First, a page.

The CLC is working on activities around our tenth anniversary. Depending on funding, we are planning a ten-year retrospective publication, with material compiled from the journals published each semester containing writing from all the programs, and one or more special activities that can celebrate the reach of the program and as importantly, its future.


Why are the Humanities important?

Long ago I was a science and mathematics nerd, who just happened to read and write a lot. I tripped over foreign languages (particularly Spanish) and appreciated the doors that opened as I rubbed up against a broader range of human experience.

That is a great part of the strength of the Humanities – with a base in Humanities, we are able to contemplate our role as intellectual, moral and spiritual members of society, grapple with social justice issues, imagine and express a better future.

What had the greatest influence on your career path?

My “path” was a meandering one. I moved from publishing with Academic Press in San Diego in the 80s, to tourism in Mexico in the 90s and 00s, to nonprofit administration in NYC during the past ten years. I think that the experience of living in a country where more than half of the population lives below the poverty line (that, plus advancing age) has instructed me to devote my time to matters that matter, and not to a stranger’s bottom line.

What did you want to be when you were a kid?

I wanted to be a doctor. Until I realized I had to dissect cats in college. Nope.

What or who inspires you?

Solidarity inspires me. Yes, definitely solidarity.

What accomplishments are you the most proud of?

I was in jail in Mexico. That’s not the thing I’m proud of. After 17 years living and working there, I was falsely accused and imprisoned for 33 days. I wrote a book about the experience, and while I am proud of having written the book, I am more proud that those who have read it, close the cover and say – “what an amazing community of women you met inside!” I am proud to have been able to bring something of their voices home with me, and release their solidarity into the world.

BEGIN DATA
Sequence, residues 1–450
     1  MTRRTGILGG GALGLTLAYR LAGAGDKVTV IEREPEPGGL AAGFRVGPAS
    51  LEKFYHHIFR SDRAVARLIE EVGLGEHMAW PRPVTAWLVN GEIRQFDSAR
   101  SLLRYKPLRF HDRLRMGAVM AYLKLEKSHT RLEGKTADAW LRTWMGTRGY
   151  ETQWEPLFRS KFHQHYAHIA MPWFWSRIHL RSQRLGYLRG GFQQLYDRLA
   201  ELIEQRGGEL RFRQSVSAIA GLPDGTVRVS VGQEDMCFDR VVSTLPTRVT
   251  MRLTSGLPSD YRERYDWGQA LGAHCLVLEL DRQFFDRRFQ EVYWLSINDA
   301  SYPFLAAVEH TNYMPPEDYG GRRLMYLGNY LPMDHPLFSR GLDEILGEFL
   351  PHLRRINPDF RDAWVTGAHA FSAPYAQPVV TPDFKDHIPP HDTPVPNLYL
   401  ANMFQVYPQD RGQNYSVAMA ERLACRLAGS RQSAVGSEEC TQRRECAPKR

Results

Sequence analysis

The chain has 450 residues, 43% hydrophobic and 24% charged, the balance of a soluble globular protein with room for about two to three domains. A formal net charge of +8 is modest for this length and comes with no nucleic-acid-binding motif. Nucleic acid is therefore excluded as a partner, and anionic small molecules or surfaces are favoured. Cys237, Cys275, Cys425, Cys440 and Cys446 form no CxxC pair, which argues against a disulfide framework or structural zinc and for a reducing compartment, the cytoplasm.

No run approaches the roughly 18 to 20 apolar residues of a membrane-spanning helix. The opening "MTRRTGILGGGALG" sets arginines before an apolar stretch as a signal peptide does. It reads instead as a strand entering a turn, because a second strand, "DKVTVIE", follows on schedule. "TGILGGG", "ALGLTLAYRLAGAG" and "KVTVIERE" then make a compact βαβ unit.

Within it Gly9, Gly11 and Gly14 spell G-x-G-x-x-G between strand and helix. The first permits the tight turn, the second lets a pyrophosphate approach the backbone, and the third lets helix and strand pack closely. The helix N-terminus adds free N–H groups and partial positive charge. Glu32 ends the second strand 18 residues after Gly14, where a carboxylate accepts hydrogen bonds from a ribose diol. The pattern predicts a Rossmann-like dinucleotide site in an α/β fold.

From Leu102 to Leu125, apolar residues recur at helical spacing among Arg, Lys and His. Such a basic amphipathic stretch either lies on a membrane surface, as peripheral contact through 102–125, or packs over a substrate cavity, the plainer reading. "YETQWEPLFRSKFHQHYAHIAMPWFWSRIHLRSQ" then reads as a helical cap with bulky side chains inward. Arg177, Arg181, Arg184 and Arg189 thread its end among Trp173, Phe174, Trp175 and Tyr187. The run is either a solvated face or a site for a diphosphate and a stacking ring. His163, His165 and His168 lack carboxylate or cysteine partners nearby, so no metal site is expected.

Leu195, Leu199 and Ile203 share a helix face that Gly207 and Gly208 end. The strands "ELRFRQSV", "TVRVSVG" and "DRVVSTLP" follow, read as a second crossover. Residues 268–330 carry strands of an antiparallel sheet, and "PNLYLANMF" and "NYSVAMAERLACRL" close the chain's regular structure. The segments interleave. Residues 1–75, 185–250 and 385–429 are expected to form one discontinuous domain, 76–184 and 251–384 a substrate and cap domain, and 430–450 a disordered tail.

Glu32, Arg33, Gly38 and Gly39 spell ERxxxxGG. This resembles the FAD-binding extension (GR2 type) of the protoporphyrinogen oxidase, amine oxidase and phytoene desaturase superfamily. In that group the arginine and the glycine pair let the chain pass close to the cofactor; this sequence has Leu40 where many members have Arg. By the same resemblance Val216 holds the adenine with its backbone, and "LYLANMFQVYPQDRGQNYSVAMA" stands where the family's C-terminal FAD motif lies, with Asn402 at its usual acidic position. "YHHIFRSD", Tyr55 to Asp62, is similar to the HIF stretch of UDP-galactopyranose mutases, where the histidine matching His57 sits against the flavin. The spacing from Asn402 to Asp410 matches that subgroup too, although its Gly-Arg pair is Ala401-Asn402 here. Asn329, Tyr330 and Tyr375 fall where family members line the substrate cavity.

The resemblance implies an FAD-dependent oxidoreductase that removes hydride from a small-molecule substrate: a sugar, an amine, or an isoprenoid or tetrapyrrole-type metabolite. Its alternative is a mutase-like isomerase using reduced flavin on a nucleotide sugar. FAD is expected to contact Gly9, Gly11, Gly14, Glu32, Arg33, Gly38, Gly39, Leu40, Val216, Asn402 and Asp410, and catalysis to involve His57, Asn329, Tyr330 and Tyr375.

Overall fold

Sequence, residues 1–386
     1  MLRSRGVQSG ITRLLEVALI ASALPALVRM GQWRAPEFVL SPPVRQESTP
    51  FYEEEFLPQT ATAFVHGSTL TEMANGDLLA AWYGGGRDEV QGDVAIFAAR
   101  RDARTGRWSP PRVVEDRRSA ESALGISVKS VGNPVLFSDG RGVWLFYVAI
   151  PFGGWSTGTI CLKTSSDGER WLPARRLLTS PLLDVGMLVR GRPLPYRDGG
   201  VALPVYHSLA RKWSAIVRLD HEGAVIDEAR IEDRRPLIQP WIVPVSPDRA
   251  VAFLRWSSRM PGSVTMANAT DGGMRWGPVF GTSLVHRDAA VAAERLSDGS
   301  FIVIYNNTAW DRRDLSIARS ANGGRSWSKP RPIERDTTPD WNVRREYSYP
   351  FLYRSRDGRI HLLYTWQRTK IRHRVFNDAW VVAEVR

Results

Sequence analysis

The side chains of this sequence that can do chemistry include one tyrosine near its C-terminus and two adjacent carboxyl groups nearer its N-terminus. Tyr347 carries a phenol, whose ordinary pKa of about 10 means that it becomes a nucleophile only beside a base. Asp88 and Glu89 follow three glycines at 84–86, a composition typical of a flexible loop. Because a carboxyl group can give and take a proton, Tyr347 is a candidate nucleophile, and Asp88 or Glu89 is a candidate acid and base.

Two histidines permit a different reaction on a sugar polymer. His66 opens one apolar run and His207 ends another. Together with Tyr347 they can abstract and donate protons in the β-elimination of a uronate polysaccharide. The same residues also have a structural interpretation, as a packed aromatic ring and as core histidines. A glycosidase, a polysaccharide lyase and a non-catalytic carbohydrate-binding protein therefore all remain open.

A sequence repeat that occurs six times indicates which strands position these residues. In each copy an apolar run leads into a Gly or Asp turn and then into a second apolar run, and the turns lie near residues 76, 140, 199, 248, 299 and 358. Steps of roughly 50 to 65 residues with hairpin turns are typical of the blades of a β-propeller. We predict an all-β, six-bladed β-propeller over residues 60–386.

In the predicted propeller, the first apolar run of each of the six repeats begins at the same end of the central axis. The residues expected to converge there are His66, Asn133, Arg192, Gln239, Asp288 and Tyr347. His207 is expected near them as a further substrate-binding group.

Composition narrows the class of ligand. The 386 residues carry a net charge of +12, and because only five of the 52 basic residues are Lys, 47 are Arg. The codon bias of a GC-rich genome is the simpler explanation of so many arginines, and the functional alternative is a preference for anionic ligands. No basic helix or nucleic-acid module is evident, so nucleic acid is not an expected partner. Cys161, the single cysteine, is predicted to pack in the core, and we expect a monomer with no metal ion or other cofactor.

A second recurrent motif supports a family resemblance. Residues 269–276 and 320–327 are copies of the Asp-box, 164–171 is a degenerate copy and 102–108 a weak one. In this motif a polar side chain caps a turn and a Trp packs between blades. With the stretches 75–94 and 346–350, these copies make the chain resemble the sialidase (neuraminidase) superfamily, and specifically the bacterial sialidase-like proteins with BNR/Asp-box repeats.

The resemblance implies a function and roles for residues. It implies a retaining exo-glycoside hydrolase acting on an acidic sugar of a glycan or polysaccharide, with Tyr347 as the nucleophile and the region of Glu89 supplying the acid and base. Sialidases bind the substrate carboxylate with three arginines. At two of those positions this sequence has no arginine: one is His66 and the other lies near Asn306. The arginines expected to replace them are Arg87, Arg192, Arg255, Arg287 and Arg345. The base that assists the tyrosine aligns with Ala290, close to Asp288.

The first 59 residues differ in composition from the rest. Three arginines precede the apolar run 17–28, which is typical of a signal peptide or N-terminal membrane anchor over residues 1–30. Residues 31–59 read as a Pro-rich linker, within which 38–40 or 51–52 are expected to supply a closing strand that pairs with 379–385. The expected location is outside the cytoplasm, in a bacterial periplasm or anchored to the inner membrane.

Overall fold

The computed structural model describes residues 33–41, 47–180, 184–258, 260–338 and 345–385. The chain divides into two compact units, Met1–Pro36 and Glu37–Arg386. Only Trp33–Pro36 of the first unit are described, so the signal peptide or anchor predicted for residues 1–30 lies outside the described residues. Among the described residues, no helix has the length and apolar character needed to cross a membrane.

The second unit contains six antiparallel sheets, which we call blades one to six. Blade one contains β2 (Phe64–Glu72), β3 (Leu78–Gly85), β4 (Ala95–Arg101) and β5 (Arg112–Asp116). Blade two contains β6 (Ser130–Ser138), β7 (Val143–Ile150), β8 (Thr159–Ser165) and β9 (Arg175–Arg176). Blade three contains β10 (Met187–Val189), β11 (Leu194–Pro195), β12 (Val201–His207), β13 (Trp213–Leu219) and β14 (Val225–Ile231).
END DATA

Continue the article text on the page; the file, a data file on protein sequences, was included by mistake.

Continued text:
What book or reading experience had the biggest impact on you?

We just lost one of my favorite writers earlier this year. Eduardo Galeano, from Uruguay, who wrote: “We are all mortal until our first kiss and our second glass of wine.”

What are you currently reading, writing?

Currently reading: Lucia Berlin short stories – “A Manual for Cleaning Women”

Currently writing: in my head, the next great Mexican-American novel. On paper, poem-esque scribbles with the women of Community Corrections.

When you’re not working, what do you do?

Every spring I grow a whole garden from seed. I can’t survive without that miracle. When the garden fades in fall/winter, I make altered-photo transfer prints of the blooms. I pet two rescue cats throughout.

What’s one thing you dream of being able to accomplish in your time at Colorado State University?

I dream of unearthing hearty, steady, earnest funders who understand the importance of keeping alternative literacy spaces vibrant and growing.